Nineteen-year old Shelly Goldsmith passed away on August 31, 2013 at an electronic dance music concert after taking MDMA. Shelly was an honors student at the University of Virginia, and her tragic death made headlines around the world. In the video below, Shelly’s parents discuss their daughter’s needless death, and the importance of new drug policies in our society.
They explain that rather than cracking down on people who use drugs, calling them “drug users” and making them into criminals, we need to educate people realistically and allow open, readily-available drug testing. Drug education, they argue, should go beyond the prohibitionist scare tactics usually employed. Better policies, they say, could have saved their daughter’s life, among countless others.
“Shelly and her friends took it because they liked the way it made them feel,” Shelly’s father says in the video. “I think that has to be acknowledged in an effective realistic education campaign to say, ‘Yeah, there’s some good sides to this, there’s some attractive sides, if not good. But there’s some risks associated with it.'”
MDMA, also known as “Molly” or “ecstasy,” was originally developed for use alongside psychotherapy, and recent studies have shown its potential as a safe, effective treatment for various psychological disorders. However, beginning in the early 1980s, MDMA also become a popular street drug. And, as with most recreational substances bought and sold underground, most MDMA users don’t know the actual contents and dosages they’re taking. This is where most risks and tragedies occur.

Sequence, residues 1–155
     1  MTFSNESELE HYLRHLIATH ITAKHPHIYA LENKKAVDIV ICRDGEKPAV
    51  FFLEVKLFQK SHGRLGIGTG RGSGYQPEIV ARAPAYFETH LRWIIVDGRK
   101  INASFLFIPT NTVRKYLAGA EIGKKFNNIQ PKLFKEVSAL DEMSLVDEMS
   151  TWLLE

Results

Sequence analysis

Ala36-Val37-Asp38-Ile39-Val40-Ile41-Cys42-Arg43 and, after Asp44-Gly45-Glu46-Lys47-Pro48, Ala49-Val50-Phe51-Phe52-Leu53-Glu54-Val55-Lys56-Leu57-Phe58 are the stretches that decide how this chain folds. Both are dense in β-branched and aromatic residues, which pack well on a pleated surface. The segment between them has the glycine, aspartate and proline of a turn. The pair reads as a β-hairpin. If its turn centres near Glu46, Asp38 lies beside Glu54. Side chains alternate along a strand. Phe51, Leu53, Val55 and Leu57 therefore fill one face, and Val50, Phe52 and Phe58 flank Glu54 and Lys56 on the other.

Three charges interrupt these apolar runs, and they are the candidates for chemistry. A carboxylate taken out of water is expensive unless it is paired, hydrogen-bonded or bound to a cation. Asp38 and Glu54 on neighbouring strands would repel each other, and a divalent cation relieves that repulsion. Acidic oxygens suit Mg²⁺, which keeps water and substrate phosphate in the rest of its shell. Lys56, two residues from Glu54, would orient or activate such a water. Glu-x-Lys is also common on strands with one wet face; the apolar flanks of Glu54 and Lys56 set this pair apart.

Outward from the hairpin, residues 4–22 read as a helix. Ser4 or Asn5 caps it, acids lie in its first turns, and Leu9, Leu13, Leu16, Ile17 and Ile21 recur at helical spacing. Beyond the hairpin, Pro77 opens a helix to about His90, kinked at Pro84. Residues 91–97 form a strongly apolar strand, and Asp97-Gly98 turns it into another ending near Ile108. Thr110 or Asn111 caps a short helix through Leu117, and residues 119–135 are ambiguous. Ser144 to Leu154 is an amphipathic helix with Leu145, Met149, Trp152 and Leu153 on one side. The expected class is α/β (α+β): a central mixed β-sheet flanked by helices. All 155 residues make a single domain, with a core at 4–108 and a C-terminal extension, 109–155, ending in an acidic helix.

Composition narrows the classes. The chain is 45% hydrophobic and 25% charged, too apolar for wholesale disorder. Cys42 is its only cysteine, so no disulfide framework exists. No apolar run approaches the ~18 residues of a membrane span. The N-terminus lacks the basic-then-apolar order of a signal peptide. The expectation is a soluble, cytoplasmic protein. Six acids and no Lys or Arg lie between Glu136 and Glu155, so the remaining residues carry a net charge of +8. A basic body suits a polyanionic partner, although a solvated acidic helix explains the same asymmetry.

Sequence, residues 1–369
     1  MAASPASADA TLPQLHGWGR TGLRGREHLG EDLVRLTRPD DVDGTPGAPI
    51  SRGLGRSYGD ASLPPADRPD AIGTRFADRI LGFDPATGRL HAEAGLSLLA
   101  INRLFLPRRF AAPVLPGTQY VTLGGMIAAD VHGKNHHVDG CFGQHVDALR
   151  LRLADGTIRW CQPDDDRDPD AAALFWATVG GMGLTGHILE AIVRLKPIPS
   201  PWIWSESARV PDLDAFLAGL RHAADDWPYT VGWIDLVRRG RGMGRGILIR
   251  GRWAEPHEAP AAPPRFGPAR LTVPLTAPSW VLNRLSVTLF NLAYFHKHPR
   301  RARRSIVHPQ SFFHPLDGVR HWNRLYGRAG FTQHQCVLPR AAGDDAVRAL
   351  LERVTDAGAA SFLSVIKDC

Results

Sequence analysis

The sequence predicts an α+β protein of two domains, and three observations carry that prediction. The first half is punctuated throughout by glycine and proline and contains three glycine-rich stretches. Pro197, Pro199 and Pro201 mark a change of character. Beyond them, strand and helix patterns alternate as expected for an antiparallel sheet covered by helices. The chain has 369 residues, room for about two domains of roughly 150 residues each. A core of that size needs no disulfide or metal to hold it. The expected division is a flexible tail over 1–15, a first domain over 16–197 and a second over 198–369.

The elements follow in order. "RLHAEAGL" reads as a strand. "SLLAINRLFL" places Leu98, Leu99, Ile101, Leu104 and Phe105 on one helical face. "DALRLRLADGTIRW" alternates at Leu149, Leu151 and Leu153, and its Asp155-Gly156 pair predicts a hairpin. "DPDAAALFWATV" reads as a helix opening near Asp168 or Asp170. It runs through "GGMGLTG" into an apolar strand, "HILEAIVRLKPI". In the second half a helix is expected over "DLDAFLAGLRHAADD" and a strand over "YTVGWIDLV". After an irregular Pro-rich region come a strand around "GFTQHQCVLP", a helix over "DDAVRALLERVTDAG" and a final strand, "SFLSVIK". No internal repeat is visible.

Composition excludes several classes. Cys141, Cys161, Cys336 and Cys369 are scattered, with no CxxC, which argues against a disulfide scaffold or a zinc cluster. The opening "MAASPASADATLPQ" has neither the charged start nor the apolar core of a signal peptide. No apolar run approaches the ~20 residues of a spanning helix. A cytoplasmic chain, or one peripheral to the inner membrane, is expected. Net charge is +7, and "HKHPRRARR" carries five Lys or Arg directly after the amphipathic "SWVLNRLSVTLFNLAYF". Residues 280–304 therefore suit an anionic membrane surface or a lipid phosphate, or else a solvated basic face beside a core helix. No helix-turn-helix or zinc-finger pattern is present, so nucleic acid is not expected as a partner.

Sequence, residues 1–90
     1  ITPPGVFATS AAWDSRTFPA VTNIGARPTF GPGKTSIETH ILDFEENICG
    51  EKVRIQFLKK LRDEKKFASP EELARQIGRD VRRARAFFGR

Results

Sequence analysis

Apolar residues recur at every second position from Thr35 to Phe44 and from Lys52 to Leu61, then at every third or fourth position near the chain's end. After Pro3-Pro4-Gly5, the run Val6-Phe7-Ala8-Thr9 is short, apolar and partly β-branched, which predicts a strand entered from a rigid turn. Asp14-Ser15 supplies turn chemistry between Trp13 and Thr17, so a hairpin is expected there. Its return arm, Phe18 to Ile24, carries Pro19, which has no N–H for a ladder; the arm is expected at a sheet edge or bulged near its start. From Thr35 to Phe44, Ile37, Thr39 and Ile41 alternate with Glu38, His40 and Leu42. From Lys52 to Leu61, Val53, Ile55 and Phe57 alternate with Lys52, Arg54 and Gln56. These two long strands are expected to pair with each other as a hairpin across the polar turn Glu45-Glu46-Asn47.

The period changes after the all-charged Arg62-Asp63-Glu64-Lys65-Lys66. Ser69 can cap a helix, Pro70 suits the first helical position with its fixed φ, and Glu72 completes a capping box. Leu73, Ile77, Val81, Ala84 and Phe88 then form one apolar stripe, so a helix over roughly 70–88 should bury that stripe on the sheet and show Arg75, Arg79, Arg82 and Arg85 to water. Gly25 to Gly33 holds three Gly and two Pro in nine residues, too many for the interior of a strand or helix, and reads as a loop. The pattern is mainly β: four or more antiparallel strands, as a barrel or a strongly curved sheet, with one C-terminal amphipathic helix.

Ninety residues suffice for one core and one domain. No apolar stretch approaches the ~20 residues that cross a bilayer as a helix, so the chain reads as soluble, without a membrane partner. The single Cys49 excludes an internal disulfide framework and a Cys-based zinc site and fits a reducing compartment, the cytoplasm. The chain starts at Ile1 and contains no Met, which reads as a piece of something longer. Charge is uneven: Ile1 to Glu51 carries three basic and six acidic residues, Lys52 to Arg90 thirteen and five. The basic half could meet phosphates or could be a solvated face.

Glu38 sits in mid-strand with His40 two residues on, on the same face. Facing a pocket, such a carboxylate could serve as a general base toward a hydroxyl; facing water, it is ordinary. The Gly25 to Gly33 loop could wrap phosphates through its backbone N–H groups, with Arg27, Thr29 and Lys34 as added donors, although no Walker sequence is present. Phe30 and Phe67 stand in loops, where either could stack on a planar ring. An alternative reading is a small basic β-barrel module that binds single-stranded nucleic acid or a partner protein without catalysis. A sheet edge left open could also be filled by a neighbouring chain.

The new documentary film, MDMA, The Movie, explores the importance of new, more rational drug policies that allow for better drug education and free drug testing at places like raves, festivals and other places where drug use is prevalent. In the film, heartbreaking stories like the Goldsmiths’ are interlaced with a numerous interviews showing MDMA’s unmatched potential to be a positive influence on society. Ultimately, the film is a powerful argument for better, more realistic, harm reduction-based drug policies.
As the film’s producer Emanuel Sferios put it in an email to Reset, the film sets out to be, “a comprehensive … film highlighting MDMA‘s use both therapeutically and recreationally, and advocating harm reduction as an appropriate public health alternative to prohibition.”
Watch the Goldsmiths in the video below.
Written by April M. Short.